IOWA CITY— Government agencies have lost or misused more than 200 Iowa license plates that were issued for undercover work, and hundreds more should never have been distributed in the first place, according to a report released Thursday.
A four-month review by the Iowa Department of Transportation found that 167 such plates are missing, 46 weren’t necessary for the work that was being performed and 18 were being used for purposes that were not authorized by state law. More than 500 others were issued to federal and out-of-state agencies, even though they do not qualify under the law, the review found.
The purpose of issuing the ordinary-looking plates is to allow police and government officials to conduct work that could be disrupted if their identities were known. But those plates also allow the vehicles to avoid tickets from some speed and red light cameras operated by cities because they are marked as not on file. All other government plates in Iowa are required to be marked “official.”
Gov. Terry Branstad ordered the review in July after The Associated Press reported that 3,200 plates had been issued to local, state and federal agencies. The AP reported last month that the DOT will cancel all those plates and reissue only those that are justified after establishing a formal application process, which is detailed in Thursday’s report.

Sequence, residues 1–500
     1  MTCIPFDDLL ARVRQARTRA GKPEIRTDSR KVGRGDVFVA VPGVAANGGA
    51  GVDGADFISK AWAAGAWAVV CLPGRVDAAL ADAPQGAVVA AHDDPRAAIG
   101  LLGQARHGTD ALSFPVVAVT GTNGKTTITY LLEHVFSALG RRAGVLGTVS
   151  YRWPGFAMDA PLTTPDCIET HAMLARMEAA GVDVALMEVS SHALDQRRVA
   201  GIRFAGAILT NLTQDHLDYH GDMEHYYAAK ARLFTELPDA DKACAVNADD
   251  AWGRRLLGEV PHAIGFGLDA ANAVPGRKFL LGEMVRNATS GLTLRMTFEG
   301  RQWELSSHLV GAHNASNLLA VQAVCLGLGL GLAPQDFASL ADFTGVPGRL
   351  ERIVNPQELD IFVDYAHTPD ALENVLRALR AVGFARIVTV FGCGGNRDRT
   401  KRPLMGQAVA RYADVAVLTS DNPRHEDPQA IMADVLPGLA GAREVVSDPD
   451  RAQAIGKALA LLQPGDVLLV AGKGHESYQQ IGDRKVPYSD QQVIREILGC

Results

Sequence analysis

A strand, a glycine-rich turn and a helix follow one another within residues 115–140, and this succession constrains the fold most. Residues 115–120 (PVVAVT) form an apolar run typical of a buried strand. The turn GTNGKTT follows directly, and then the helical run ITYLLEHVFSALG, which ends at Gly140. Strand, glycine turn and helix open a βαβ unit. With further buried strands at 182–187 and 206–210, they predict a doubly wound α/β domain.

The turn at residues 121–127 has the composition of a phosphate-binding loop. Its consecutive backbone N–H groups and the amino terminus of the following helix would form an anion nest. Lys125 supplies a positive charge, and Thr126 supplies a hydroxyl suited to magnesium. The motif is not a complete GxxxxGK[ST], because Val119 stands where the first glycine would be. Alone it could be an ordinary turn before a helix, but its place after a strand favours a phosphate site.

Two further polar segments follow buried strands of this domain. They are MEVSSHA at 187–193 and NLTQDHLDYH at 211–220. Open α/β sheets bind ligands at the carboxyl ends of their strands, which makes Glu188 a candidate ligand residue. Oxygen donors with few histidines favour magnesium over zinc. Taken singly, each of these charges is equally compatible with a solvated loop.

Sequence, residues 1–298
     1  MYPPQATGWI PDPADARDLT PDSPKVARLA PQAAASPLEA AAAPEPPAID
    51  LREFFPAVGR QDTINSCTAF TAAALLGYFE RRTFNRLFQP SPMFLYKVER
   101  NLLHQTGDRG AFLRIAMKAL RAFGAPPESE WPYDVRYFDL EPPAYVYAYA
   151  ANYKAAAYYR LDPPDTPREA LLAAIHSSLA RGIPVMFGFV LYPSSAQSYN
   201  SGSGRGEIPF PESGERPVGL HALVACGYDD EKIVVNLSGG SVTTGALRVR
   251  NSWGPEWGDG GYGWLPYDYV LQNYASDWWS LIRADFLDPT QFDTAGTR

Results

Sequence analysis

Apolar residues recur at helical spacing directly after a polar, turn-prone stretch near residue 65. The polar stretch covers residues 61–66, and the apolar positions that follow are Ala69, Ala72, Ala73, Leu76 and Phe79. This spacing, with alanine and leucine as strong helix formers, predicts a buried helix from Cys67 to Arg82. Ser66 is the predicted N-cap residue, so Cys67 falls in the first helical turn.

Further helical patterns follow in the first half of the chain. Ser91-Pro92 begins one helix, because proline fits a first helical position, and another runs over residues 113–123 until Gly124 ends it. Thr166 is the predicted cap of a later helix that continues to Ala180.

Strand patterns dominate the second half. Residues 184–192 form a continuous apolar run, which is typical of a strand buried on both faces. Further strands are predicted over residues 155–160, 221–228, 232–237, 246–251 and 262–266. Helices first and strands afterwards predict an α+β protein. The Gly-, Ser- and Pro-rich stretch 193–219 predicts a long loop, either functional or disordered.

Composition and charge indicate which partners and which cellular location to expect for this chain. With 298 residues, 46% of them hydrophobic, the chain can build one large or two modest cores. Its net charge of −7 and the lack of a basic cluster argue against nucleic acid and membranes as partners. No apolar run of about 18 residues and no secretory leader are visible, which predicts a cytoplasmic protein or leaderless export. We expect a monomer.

The report recommends changes that would allow municipalities that operate traffic cameras to be able to search a police database to find out which agency owns the undercover plates and issue tickets when appropriate. DOT officials found no justification for the current practice of keeping that information out of the database.
The review found the plates made up a tiny fraction of the 4.2 million issued in Iowa and that the majority of them “are actively assigned to a vehicle ostensibly being used for a purpose” permitted under state law. Those include police officers conducting investigations and enforcing drug laws, Iowa Lottery employees carrying tickets and health care workers who conduct off-site visits.
But DOT officials acknowledge that they had issued the plates to government agencies who requested them without certifying that their use would be appropriate. In some cases, the DOT had issued plates based on a misinterpretation of the law for uses that should not have been permitted, the report said.
Police agencies, for instance, should not be able to use the plates for routine enforcement and administrative activities, and state law should be changed to allow federal agencies to qualify for the plates, the report said. The DOT said it would cancel 29 plates issued to police forces from other states, who were not supposed to be eligible.